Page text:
• I was not qualified to write a financial column until now, but recent market activity has provided me with a quick education. The biggest lesson: Investing toward retirement is exciting.

    The company managing 401K accounts for Perry County News employees offers a high-tech feature on its Web site. We can see a line chart indicating, normally, our investments' growths as we and our company feed money into them and as they enjoy, normally, market-based growth in value.

  • It's not rained in these parts for weeks, but for those smart enough to have socked away money over the past few years, the proverbial rainy day is here. Those with savings are better able to deal with a national financial crisis, including higher food and fuel costs.

    Sadly, I fear it's going to be raining economic hard times for a long time.

  • They knew better, but the Cannelton Common Council violated the law anyway.

    As we reported Thursday, the council's members met twice to discuss their proposed budget for 2009 without providing notice to the public or The News, according to Councilwoman Lynn Fulkerson.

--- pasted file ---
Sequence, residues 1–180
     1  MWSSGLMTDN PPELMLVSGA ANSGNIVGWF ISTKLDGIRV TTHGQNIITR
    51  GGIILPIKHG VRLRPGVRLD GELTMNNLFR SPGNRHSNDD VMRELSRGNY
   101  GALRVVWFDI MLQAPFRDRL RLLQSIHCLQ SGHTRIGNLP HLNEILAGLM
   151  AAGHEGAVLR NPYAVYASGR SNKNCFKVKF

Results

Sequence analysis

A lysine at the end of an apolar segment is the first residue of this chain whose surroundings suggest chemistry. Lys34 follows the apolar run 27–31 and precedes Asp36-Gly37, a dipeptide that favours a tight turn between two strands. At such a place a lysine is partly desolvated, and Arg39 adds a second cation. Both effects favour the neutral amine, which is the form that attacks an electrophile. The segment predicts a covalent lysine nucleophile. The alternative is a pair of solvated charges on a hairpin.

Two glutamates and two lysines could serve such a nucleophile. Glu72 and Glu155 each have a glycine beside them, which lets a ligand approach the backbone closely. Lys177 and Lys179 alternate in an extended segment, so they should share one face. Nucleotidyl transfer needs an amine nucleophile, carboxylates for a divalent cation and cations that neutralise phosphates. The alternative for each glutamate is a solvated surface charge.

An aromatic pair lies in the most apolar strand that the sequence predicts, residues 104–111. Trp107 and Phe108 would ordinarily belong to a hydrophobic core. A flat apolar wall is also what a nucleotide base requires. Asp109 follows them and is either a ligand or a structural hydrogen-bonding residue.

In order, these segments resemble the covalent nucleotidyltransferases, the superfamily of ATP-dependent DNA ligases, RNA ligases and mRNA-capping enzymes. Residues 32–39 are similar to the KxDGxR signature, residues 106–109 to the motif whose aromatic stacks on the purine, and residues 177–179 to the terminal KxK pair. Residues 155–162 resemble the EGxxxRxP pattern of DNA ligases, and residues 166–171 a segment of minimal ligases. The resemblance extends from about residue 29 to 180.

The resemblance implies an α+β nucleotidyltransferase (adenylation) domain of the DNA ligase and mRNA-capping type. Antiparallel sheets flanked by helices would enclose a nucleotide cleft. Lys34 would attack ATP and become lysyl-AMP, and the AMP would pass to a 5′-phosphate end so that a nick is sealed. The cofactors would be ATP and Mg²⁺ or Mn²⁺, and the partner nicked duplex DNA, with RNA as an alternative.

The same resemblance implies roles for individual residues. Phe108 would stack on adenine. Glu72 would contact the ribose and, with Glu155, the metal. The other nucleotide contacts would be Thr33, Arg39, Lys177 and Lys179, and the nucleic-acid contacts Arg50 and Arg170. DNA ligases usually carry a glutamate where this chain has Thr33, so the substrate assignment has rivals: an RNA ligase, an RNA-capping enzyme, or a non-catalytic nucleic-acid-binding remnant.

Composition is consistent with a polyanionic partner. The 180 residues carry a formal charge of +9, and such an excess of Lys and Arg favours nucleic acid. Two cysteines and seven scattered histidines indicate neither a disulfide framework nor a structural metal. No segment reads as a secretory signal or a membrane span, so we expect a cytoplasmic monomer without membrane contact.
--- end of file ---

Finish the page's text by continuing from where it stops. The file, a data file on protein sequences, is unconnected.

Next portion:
Indiana's Open Door Law requires governing bodies to provide the public 48 hours' advance notice of meetings, excluding weekends and holidays.

  • Often when a political candidate switches positions on an issue, critics deride that switch as a wishy-washy flip-flop, made only for political expediency. And often those critics are correct.

    But as situations evolve, there are times when responsibly thinking people - including politicians - should change their opinions on an issue.

  • I wonder what President Dwight D. Eisenhower would have thought of the essentially substanceless orgy of chauvinistic nationalism and belligerent jingoism that was the recent Republican National Convention.